Immi is a new online tool, created by the Immigration Advocates Network and Pro Bono Net. Available in English and Spanish, immi allows users to confidentially screen for immigration benefits such as family-based petitions, asylum, or U visas; access information about the law; and find a trusted nonprofit legal service provider. The first free online tool of its kind, immi was created to help as many immigrants as possible know their rights and protect their families.

Step 2: Share immi, https://www.immi.org/share.html!

An estimated 1.5 million undocumented immigrants at risk of deportation may have possible avenues to legal status, but do not know it. By sharing immi you are helping to connect immigrants in your networks with free, confidential, and vital legal information.

 


About The Immigration Advocates NetworkThe Immigration Advocates Network
The Immigration Advocates Network (IAN) is a collaborative effort of Pro Bono Net and leading immigrants’ rights organizations designed to increase access to justice for low-income immigrants and strengthen the capacity of organizations serving them. IAN promotes more effective and efficient communication, collaboration, and services among immigration advocates and organizations by providing free, easily accessible and comprehensive online resources and tools.

 

The Immigration Advocates Network Fifth Annual E-Conference FundraiserThe Immigration Advocates Network (IAN) is excited to announce its fifth annual e-conference fundraiser, “Cutting Edge Issues in Immigration Law,” from October 31 to November 4, 2016. Join us for a week-long series of interactive online trainings with national experts on representing children, administrative advocacy, entry & admission, U visas, and provisional waivers. We explore the issues through the lens of current events and the latest legal developments.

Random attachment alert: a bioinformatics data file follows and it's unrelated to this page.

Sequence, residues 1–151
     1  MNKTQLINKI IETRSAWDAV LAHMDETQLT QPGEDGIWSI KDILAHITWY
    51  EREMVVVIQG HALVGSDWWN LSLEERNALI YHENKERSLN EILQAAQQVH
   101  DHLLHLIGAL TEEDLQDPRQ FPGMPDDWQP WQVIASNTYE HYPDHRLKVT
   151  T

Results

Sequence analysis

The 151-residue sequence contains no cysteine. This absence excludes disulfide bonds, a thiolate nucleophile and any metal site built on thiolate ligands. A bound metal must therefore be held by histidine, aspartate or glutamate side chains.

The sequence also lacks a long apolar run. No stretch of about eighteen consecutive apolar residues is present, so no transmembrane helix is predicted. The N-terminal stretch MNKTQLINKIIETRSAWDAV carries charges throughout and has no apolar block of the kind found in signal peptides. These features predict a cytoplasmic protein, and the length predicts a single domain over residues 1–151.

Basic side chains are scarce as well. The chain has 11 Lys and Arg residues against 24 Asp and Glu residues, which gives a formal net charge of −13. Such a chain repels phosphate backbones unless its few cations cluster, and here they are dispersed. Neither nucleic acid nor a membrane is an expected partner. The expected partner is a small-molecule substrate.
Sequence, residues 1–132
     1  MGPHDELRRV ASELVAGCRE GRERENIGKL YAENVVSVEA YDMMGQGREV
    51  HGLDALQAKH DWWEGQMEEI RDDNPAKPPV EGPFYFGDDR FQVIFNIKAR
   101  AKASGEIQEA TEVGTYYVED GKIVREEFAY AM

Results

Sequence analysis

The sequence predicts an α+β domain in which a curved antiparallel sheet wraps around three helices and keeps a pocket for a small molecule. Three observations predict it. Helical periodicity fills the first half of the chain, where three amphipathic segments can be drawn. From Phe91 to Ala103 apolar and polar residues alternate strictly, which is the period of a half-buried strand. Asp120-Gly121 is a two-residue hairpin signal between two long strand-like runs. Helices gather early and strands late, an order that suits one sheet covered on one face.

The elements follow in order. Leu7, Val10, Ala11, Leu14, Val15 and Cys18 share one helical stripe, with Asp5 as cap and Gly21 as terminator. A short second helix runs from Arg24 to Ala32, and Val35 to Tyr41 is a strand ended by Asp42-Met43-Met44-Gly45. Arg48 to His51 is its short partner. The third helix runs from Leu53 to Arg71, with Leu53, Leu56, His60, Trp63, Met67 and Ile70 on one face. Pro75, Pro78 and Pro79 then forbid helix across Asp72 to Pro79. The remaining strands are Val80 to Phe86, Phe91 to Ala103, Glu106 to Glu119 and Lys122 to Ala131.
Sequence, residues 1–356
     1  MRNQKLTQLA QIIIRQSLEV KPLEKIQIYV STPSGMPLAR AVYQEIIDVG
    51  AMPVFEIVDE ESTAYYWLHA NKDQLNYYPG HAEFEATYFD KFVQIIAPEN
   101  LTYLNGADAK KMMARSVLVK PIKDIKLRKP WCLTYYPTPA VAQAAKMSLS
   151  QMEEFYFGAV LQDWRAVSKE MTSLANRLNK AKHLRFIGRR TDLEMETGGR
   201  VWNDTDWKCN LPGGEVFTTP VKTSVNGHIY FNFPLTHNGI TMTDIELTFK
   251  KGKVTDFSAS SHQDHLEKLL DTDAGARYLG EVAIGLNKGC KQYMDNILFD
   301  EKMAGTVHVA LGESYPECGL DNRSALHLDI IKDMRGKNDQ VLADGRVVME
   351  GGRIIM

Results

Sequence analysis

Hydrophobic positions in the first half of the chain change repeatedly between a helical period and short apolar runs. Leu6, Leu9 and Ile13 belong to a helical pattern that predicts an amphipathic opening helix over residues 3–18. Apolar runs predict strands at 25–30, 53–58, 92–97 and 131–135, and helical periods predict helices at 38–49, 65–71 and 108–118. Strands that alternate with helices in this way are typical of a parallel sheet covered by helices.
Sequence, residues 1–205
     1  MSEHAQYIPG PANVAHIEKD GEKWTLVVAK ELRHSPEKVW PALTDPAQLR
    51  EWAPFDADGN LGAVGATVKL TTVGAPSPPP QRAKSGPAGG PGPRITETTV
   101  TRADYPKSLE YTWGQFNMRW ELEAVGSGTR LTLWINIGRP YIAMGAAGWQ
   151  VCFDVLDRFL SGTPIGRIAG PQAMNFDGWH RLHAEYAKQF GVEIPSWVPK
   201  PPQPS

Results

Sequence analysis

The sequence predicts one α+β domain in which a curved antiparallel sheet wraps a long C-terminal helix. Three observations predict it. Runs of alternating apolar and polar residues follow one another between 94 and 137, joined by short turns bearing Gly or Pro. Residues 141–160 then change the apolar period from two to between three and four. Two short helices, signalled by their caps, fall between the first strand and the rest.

IAN offers free webinars throughout the year for pro bono lawyers and nonprofit staff.  However, once a year, IAN hosts an e-Conference Fundraiser, and offers these webinars for a small fee. The e-Conference raises money to support the free online training materials for advocates who represent noncitizens in claims for asylum, changes in immigration status, naturalization and more. Resources include training materials, practice advisories, sample applications and affidavits, government-issued policy memoranda, significant case law, related articles, checklists and links to additional resources.

Join the e-Conference to support IAN and learn about the latest issues and strategies in immigration law.

E-Conference Features 

  • Listen to nationally-recognized experts from the comfort of your own office;
  • Participate in “ask the expert” sessions during each interactive training;
  • Access presentations and handouts before the training session;
  • Take interactive quizzes and polls before and during conference sessions; and
  • Obtain exclusive access to recorded trainings after the conference.

Register

The cost of each two-hour training session is $25. Your support helps IAN offer free trainings and resources throughout the year. For more information and to register, visit https://www.immigrationadvocates.org/econference.


Conference Sessions 

Representing Children in Removal Proceedings
Monday, October 31
This training will discuss legal protections for children in removal proceedings and steps to take if the government breaks those rules. The panel will focus on practice strategies for advocates.